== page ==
The election is over. Finally! Looks like Joe Biden will be the 46th President of the United States on January 20. More than half of the record number of voters chose him and he won the electoral votes of nearly half the states.
Many of Donald Trump’s supporters, and he himself, have said the Democrats “rigged” and “stole” the election and committed fraud in the voting and counting. Nonsense!
Don’t you think that if Democrats had the power and means to do that they would have elected a lot more U.S. senators, members of the House and state legislatures all over the country? Remember, reapportionment is coming up after the 2020 census. Democrats would have loved to be able to control more legislatures to redraw the district lines to their advantage. It just didn’t happen.
The claims of fraud have no basis in fact and even no basis in logic or common sense. If there are recounts in some states, so be it. The ultimate results are unlikely to change.
So, what now?
We have evolved into two Americas. No longer North and South but urban and suburban vs. rural and smaller communities. I’m not convinced either of these different Americas can survive and prosper on their own. If we can’t appreciate each other and learn to live together better, or at least tolerate each other, there will be no UNITED States of America.
Where would we be without the food production, manufacturing, resources and beauty of our rural America? Where would we be without the commerce, science and diversity of our urban America? We wouldn’t be “America” that’s for sure.
We can start by relying less on what others forward to us on social media and not using language like “enemies,” “goons,” “socialists,” “white supremacists,” etc. We each have our own point of view formed by years of values, education, experiences, surroundings, traditions, families, ethnic background, friends, professions, likes, dislikes, religious views, etc.
None of these makes one wrong or right. It makes us different. Can’t we all at least try to “walk in the other person’s shoes” for a while and begin to understand why the other person sees things so differently than we do? Obviously, a person who lives and works on a farm or in a small town in Michigan will see things far differently than someone who lives in a row house and works in urban Philadelphia. Each will try to influence others, including politicians, in their own best interest.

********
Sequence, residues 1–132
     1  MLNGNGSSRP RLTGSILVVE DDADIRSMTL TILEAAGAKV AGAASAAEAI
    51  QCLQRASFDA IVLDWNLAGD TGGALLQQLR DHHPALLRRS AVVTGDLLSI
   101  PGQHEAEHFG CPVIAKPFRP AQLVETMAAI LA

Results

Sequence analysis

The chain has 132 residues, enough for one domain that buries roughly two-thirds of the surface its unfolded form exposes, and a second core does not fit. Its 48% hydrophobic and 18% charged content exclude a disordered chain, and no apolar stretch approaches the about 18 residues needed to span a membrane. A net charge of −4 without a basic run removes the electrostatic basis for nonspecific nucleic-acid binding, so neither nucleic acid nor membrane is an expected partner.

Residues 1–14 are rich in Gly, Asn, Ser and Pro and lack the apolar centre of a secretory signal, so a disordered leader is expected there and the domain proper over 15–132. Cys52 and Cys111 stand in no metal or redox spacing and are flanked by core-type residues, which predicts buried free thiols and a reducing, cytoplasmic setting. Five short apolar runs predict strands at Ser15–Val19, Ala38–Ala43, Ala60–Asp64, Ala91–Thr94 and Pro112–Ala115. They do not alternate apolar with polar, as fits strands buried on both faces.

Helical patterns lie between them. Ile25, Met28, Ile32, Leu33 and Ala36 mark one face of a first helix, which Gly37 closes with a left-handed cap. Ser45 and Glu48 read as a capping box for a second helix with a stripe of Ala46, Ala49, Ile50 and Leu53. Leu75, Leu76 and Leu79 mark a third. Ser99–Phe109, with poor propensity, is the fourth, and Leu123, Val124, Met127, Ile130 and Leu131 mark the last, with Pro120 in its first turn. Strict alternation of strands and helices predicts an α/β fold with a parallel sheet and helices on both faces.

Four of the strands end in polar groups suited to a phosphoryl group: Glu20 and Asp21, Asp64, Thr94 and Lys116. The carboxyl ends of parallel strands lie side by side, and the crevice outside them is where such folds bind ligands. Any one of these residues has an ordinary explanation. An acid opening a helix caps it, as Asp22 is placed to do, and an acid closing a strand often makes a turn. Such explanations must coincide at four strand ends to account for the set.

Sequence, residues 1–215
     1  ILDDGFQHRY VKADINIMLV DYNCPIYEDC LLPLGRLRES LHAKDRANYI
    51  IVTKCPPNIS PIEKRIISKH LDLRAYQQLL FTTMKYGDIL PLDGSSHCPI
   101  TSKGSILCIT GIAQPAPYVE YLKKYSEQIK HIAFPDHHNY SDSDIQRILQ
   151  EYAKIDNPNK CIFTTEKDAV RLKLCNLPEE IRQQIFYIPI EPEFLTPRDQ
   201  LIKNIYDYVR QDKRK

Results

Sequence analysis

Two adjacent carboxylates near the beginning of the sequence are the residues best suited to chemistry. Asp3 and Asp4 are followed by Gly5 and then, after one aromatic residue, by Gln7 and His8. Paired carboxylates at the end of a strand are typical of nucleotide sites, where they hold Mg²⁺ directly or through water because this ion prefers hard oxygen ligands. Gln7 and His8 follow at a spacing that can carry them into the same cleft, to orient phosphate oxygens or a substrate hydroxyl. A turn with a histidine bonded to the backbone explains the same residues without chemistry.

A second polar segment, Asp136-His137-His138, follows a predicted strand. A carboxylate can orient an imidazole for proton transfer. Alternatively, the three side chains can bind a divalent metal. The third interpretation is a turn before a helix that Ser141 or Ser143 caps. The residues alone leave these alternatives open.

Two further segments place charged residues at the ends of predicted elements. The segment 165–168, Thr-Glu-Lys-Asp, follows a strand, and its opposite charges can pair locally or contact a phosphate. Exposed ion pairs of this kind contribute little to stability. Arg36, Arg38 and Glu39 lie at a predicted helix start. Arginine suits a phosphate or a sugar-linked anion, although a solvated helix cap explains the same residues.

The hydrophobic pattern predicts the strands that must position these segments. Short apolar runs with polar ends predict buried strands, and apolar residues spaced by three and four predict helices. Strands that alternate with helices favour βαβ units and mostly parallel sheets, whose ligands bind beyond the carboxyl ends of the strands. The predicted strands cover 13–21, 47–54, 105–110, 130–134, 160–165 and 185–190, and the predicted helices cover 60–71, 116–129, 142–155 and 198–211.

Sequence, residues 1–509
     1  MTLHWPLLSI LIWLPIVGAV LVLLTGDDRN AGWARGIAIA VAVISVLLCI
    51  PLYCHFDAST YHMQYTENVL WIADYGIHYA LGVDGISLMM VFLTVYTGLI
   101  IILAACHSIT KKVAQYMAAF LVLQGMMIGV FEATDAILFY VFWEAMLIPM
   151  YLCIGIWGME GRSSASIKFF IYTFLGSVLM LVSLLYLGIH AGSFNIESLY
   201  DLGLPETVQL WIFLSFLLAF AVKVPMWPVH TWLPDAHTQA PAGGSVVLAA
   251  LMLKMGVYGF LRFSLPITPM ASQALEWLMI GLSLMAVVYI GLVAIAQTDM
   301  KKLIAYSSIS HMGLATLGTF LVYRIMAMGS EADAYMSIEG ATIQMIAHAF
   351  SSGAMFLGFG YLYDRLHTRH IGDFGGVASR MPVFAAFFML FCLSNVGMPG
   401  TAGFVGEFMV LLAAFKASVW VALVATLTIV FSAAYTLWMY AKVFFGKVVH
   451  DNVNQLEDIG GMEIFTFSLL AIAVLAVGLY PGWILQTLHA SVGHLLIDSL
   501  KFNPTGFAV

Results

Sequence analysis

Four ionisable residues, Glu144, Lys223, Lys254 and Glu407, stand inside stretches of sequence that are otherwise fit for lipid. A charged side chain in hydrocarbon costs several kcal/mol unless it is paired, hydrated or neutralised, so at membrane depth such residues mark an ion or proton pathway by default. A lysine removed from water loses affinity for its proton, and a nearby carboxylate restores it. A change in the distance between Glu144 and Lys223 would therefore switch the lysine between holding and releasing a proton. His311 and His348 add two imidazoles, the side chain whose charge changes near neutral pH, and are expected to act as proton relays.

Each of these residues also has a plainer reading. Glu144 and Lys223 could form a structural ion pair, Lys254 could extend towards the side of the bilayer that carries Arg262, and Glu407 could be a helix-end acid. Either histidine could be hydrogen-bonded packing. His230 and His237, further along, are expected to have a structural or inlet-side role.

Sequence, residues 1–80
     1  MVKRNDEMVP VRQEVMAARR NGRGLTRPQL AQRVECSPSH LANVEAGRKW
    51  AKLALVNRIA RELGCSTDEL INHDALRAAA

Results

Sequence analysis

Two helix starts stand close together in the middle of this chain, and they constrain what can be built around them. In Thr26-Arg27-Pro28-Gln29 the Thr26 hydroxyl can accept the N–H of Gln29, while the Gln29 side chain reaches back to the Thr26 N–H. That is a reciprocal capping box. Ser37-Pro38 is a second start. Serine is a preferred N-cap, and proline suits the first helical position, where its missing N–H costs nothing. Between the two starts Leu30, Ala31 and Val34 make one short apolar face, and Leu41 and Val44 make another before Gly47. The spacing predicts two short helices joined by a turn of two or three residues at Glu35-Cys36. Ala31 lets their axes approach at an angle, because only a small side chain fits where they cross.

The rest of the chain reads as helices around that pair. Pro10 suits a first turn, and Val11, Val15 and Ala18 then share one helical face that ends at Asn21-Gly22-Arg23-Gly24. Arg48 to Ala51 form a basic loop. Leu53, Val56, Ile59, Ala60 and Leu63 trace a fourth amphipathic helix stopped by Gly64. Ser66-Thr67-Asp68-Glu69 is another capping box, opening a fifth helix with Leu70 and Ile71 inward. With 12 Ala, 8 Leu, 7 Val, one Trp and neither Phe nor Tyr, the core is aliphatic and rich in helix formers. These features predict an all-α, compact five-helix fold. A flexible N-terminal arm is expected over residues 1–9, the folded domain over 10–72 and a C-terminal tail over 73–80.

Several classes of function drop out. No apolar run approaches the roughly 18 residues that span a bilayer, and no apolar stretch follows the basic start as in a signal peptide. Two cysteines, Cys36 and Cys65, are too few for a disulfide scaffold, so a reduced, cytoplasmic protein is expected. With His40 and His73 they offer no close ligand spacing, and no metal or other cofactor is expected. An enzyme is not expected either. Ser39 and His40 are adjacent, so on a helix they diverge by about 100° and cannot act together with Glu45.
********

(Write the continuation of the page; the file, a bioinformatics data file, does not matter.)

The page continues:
That’s OK! We should fight for what we believe in. But we may have to modify our position occasionally by understanding what the other person needs and why. That’s precisely what democracy means.
I worked in the U.S. Senate and I can assure you that’s how Senator Biden saw democracy. He cares about and listens to all people and always, always seeks common ground and compromise. I promise you he is not a socialist or other ideologue.
We have seen over the last decade or so how, when both sides stick to their “our way or no way” attitudes, nothing gets accomplished. Each party seems to be paranoid that any compromise at all means a “victory” for the other party and therefore must be avoided if they are to win the next election.
That affects every one of us in our work, living conditions, health, and myriad other ways.
Joe Biden knows Sen. Mitch McConnell and other members of Congress well. I know he will work the phones, go to the Capitol or have Republicans and Democrats both, from the left and the right, to the White House to seek common ground. That’s how he operates.
But politicians will only respond if we, the people, work with them and communicate with them. Politicians act in their own self interest, too. So, if we tell them to at least try to work together, that compromise is not a dirty word and that we expect them to try to understand each other’s circumstances, wants and needs, they will respond.
I’m skeptical that we will change but I know we can do this without giving up our rights, personal identity or ideals. What we need regarding our national motto “E Pluribus Unum’ (Out of many, one) is a little less “Pluribus” and a little more “Unum.”
So I hope all of us will give the new President and new Congress a chance. Do you think we really could be “One nation, under God, indivisible…” like we’ve always pledged?
Contact Rick at firstname.lastname@example.org.